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Chockstone Forum - Accidents & Injuries

Report Accidents and Injuries

Author
Watching the inexperienced crater

RockHobbit
1-Aug-2008
9:32:08 AM
So last night I was at an indoor wall in Canberra's southish, introducing an already nervous family member to the world of climbing. This bit was great. I mean how much fun is it to help others discover our world? Taking a newbie and carefully stripping away the common fears and misconceptions, I think is strangely rewarding. That is until the c--ky, arrogant and inexperienced gym hounds worm their way into our world.

Okay so what happened? Let me set the scene. Take two guys around 35, probably about 120+kgs (for the climber, now I'm not being cruel here but weight was a factor), one equiped with his own harness, hire shoes and bag, the other with hire harness and sneakers. The climber had a c--ky 'I know what I'm doing ' arrogance. The belayer just looked uncertain of himself. They climbed three or four times each without incident.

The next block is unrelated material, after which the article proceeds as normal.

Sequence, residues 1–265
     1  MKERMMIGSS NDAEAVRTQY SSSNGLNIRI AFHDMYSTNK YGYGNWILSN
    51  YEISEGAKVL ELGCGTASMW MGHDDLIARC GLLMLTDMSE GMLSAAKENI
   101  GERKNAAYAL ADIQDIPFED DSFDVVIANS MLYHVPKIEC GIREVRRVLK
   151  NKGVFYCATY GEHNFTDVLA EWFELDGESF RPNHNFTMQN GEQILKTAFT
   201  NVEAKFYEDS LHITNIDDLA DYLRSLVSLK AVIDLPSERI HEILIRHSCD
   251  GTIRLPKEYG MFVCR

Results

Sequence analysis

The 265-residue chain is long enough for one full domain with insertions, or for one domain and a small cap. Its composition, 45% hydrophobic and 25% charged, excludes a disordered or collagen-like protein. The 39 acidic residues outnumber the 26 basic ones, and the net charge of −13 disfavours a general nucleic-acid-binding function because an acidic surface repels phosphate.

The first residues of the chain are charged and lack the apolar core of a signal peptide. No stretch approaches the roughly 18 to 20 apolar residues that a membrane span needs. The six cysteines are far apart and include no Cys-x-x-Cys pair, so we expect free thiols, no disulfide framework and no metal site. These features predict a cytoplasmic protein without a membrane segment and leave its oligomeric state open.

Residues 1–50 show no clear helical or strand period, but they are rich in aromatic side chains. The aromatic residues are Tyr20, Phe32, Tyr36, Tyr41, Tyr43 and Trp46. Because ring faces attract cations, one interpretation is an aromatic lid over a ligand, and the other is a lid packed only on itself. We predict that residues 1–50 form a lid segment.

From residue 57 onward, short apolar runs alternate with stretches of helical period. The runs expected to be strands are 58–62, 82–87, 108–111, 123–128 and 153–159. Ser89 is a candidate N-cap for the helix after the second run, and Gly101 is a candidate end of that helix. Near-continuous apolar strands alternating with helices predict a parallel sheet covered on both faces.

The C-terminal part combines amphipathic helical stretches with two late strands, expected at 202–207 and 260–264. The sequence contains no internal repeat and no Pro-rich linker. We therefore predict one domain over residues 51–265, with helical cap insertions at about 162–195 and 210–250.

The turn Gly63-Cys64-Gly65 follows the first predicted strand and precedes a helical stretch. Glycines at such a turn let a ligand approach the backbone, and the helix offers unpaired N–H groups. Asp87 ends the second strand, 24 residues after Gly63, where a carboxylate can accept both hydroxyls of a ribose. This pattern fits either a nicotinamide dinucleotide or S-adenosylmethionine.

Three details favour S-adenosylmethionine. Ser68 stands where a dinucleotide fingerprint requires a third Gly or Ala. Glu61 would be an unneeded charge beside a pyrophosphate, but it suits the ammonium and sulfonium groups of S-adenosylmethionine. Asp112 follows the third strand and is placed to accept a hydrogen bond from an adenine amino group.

The wall is new and has only been open a couple of months. As far as walls go it's not too shabby. Good gear, belay anchors, great grippy wall surface ect. But lets face it, gym ropes get flogged to within an inch of their lives. Some feed as if there is no friction while others seem to give the belayer a better workout than the climber. The rope in question was new.